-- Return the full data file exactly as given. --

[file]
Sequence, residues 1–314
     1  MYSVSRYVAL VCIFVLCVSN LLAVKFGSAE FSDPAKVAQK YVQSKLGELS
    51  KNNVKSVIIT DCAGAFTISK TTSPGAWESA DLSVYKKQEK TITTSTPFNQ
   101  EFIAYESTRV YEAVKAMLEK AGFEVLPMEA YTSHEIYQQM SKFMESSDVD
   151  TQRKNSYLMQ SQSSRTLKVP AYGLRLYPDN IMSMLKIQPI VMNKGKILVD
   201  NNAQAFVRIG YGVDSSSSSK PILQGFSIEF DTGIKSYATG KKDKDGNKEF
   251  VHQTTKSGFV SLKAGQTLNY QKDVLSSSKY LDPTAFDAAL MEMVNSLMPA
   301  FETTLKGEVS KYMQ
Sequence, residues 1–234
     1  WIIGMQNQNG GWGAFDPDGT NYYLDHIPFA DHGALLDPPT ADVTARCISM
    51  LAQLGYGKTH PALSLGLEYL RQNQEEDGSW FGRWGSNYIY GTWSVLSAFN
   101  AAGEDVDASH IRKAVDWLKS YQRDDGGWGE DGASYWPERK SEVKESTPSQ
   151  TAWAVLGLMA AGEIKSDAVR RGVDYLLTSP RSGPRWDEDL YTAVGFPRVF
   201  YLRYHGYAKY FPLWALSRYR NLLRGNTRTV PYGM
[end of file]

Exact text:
Sequence, residues 1–314
     1  MYSVSRYVAL VCIFVLCVSN LLAVKFGSAE FSDPAKVAQK YVQSKLGELS
    51  KNNVKSVIIT DCAGAFTISK TTSPGAWESA DLSVYKKQEK TITTSTPFNQ
   101  EFIAYESTRV YEAVKAMLEK AGFEVLPMEA YTSHEIYQQM SKFMESSDVD
   151  TQRKNSYLMQ SQSSRTLKVP AYGLRLYPDN IMSMLKIQPI VMNKGKILVD
   201  NNAQAFVRIG YGVDSSSSSK PILQGFSIEF DTGIKSYATG KKDKDGNKEF
   251  VHQTTKSGFV SLKAGQTLNY QKDVLSSSKY LDPTAFDAAL MEMVNSLMPA
   301  FETTLKGEVS KYMQ
Sequence, residues 1–234
     1  WIIGMQNQNG GWGAFDPDGT NYYLDHIPFA DHGALLDPPT ADVTARCISM
    51  LAQLGYGKTH PALSLGLEYL RQNQEEDGSW FGRWGSNYIY GTWSVLSAFN
   101  AAGEDVDASH IRKAVDWLKS YQRDDGGWGE DGASYWPERK SEVKESTPSQ
   151  TAWAVLGLMA AGEIKSDAVR RGVDYLLTSP RSGPRWDEDL YTAVGFPRVF
   201  YLRYHGYAKY FPLWALSRYR NLLRGNTRTV PYGM